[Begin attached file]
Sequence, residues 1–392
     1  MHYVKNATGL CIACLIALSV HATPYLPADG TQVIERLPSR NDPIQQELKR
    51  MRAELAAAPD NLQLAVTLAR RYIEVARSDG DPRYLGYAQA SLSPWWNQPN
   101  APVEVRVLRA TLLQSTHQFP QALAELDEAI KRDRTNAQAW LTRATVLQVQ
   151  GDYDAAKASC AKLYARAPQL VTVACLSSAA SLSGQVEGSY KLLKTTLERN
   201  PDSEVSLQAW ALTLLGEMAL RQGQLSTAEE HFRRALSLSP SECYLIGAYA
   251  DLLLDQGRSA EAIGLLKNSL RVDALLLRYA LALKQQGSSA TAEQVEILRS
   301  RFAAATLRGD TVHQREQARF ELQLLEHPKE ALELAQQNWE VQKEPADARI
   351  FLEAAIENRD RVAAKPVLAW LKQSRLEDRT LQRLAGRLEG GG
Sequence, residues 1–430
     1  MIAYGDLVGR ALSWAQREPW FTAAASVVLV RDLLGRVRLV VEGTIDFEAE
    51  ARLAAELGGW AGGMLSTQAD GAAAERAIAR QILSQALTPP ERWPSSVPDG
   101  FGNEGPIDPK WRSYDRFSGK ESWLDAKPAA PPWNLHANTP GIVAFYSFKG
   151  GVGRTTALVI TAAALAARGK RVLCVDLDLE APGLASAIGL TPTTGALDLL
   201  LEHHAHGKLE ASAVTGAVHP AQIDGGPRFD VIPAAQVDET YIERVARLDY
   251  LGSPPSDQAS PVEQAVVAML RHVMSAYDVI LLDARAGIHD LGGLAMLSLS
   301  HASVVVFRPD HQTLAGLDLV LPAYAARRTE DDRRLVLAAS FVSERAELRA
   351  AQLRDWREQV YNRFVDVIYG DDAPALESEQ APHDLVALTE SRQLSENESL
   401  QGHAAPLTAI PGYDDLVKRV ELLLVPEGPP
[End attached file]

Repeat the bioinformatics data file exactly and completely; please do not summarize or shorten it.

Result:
Sequence, residues 1–392
     1  MHYVKNATGL CIACLIALSV HATPYLPADG TQVIERLPSR NDPIQQELKR
    51  MRAELAAAPD NLQLAVTLAR RYIEVARSDG DPRYLGYAQA SLSPWWNQPN
   101  APVEVRVLRA TLLQSTHQFP QALAELDEAI KRDRTNAQAW LTRATVLQVQ
   151  GDYDAAKASC AKLYARAPQL VTVACLSSAA SLSGQVEGSY KLLKTTLERN
   201  PDSEVSLQAW ALTLLGEMAL RQGQLSTAEE HFRRALSLSP SECYLIGAYA
   251  DLLLDQGRSA EAIGLLKNSL RVDALLLRYA LALKQQGSSA TAEQVEILRS
   301  RFAAATLRGD TVHQREQARF ELQLLEHPKE ALELAQQNWE VQKEPADARI
   351  FLEAAIENRD RVAAKPVLAW LKQSRLEDRT LQRLAGRLEG GG
Sequence, residues 1–430
     1  MIAYGDLVGR ALSWAQREPW FTAAASVVLV RDLLGRVRLV VEGTIDFEAE
    51  ARLAAELGGW AGGMLSTQAD GAAAERAIAR QILSQALTPP ERWPSSVPDG
   101  FGNEGPIDPK WRSYDRFSGK ESWLDAKPAA PPWNLHANTP GIVAFYSFKG
   151  GVGRTTALVI TAAALAARGK RVLCVDLDLE APGLASAIGL TPTTGALDLL
   201  LEHHAHGKLE ASAVTGAVHP AQIDGGPRFD VIPAAQVDET YIERVARLDY
   251  LGSPPSDQAS PVEQAVVAML RHVMSAYDVI LLDARAGIHD LGGLAMLSLS
   301  HASVVVFRPD HQTLAGLDLV LPAYAARRTE DDRRLVLAAS FVSERAELRA
   351  AQLRDWREQV YNRFVDVIYG DDAPALESEQ APHDLVALTE SRQLSENESL
   401  QGHAAPLTAI PGYDDLVKRV ELLLVPEGPP